As far as anybody can tell, two plus two still equals four in all fifty states of the Union. North and South of the Mason-Dixon line, there’s little debate that American kids should have a passing familiarity with the founding documents of the United States. And from sea to shining sea, pretty much everybody agrees that Shakespeare was a great poet and playwright, and that high school kids should probably read some of his work.
So it’s a reflection of the sorry state of public debate in the U.S. when Indiana Governor Mike Pence, after signing a bill opting his state out of an overhaul of public education standards developed by a coalition of his fellow governors and education experts can tout this as a victory because the state will now have standards “written by Hoosiers, for Hoosiers.”
The rules of mathematics don’t change at the Indiana border, nor do the basic tenets of the Constitution, or the words of Hamlet. But a small and vocal minority of activists have hijacked what could be an otherwise useful debate about education in the United States, and turned it onto a sort of political litmus test that has far less to do with education reform than with opposition to the federal government in general, and President Obama in particular.
The standards in question, known as “Common Core,” were adopted in 2010 by the National Governors Association and the Council of Chief State School Officers. The idea, strongly supported by the business community, was that American students ought to leave the taxpayer-funded education system with the basic building blocks they need to compete as workers in the 21st century.
A letter signed by a broad coalition of business groups praised the Common Core standards as an “important opportunity to set consistent, focused, rigorous expectations for all students; a necessary foundation for making the changes needed to improve student achievement and ensure the United States’ educational and economic preeminence.”
The signatories, including the U.S. Chamber of Commerce, dozens of local chambers of commerce, and numerous major corporations, noted, “Currently, each state sets its own standards. This has led to a nation with 50 sets of inconsistent standards, even though the expectations of colleges and employers in math and English are nearly universal and are not bound by state lines.”
Those business groups are now, no doubt, staring in consternation as an initiative conceived and executed by state-level officials is pilloried by the hard political right and a smaller but equally vocal element of the left, as a massive federal intrusion into state sovereignty.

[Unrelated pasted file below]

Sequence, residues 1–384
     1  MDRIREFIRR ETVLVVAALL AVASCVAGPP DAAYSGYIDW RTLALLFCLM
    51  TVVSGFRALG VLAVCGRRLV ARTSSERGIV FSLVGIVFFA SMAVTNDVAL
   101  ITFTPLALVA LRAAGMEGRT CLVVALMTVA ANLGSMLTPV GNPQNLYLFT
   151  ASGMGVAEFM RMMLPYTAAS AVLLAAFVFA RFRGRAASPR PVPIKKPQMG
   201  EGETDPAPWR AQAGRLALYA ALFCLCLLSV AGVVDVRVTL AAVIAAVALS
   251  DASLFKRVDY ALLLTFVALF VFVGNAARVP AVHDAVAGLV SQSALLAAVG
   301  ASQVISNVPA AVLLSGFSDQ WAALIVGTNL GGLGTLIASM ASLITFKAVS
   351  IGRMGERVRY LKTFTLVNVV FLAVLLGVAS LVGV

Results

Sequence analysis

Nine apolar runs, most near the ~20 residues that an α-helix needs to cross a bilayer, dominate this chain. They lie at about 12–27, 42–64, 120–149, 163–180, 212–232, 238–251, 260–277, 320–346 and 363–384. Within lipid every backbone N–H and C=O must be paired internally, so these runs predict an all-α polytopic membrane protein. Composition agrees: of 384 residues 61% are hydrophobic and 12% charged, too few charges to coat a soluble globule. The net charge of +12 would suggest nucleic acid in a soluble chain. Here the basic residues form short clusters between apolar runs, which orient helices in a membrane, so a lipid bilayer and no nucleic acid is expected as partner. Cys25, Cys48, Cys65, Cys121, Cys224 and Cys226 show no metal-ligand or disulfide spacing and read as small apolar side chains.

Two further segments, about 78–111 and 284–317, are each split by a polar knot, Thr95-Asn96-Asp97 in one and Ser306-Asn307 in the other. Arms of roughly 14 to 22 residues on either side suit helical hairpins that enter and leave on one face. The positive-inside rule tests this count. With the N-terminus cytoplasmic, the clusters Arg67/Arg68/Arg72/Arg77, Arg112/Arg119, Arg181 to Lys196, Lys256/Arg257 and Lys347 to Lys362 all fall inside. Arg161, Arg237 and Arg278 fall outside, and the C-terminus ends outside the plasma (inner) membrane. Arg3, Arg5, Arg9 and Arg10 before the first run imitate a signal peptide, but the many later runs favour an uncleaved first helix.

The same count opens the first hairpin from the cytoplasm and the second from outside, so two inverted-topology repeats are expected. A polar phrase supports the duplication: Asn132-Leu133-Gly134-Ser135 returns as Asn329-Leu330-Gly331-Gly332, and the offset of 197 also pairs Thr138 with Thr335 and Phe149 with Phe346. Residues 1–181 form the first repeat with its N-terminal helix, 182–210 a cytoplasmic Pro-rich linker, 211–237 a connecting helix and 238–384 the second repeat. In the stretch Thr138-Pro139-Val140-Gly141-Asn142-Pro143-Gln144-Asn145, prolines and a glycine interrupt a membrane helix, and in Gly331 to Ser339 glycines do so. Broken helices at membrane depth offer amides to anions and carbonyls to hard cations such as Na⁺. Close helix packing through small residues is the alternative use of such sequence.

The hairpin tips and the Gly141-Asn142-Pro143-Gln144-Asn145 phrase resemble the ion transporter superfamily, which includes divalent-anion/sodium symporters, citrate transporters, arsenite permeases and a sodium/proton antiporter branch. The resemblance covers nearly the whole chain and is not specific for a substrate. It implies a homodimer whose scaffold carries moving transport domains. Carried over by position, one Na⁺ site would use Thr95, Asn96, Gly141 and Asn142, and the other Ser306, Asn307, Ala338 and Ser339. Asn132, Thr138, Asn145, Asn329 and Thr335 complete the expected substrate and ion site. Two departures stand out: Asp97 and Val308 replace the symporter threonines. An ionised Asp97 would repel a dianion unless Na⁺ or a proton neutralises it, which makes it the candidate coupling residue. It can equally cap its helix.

More than a dozen state legislatures are entertaining bills that would remove their states from the Common Core standard, in many cases under the largely spurious claim that the federal government forced the standards on them.
The U.S. Department of Education did offer funding to states that agreed to the standards. But that funding was in addition to funding already provided to the states by Washington, and the five states that didn’t agree to accept Common Core in the first place were not penalized.
The biggest issue driving opposition to Common Core appears to be a general aversion among conservatives to anything that appears to have its origins in Washington. The state-level provenance of Common Core means little to activists conditioned to refer to the standards as “Obamacore.”
In an interview with the trade publication Education Week, former Bush administration Department of Education official Cheryl A. Oldham, now the vice president for education policy at the U.S. Chamber, said, “The more the administration talks about Common Core, the worse it is for the effort.”
Not all opposition has come from the right wing. Teachers’ unions, major donors to the Democratic Party, have also come out in opposition to elements of Common Core. However, their opposition seems generally focused not on the origins of the standards, or their content. Teachers Unions are primarily concerned that their members not face professional evaluations based on Common Core test results until they have received training on the new standards, and until benchmarks for student performance on related tests are available.
This is not to say that there are no substantive criticisms of the standard. In a lengthy article written for Minding the Campus, a digital publication of the Manhattan Institute, National Association of Scholars president Peter Wood challenged Common Core on various specific issues including, for example, its treatment of Algebra instruction in middle school.
Wood’s criticisms generated significant pushback from Manhattan Institute Senior Fellow Sol Stern, who strongly disagreed with Wood’s interpretation of the standard.
The Wood-Stern argument ranged widely across various elements of the Common Core, but the debate over how to teach math, at least, was the kind of discussion we ought to be having about educational standards – the kind based on what’s best for students, not on who actually wrote the standard.
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